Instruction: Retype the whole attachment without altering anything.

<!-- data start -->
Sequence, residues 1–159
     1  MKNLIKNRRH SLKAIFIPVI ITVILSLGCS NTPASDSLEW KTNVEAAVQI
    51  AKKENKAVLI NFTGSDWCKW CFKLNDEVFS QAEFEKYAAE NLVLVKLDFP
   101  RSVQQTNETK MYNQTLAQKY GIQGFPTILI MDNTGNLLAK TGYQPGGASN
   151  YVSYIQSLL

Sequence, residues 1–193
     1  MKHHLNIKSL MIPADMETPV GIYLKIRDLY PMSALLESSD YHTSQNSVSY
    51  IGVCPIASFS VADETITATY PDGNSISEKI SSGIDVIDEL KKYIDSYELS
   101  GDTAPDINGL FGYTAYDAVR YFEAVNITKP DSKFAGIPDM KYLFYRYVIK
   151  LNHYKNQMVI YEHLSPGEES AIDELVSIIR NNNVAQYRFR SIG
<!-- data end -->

Sequence, residues 1–159
     1  MKNLIKNRRH SLKAIFIPVI ITVILSLGCS NTPASDSLEW KTNVEAAVQI
    51  AKKENKAVLI NFTGSDWCKW CFKLNDEVFS QAEFEKYAAE NLVLVKLDFP
   101  RSVQQTNETK MYNQTLAQKY GIQGFPTILI MDNTGNLLAK TGYQPGGASN
   151  YVSYIQSLL

Sequence, residues 1–193
     1  MKHHLNIKSL MIPADMETPV GIYLKIRDLY PMSALLESSD YHTSQNSVSY
    51  IGVCPIASFS VADETITATY PDGNSISEKI SSGIDVIDEL KKYIDSYELS
   101  GDTAPDINGL FGYTAYDAVR YFEAVNITKP DSKFAGIPDM KYLFYRYVIK
   151  LNHYKNQMVI YEHLSPGEES AIDELVSIIR NNNVAQYRFR SIG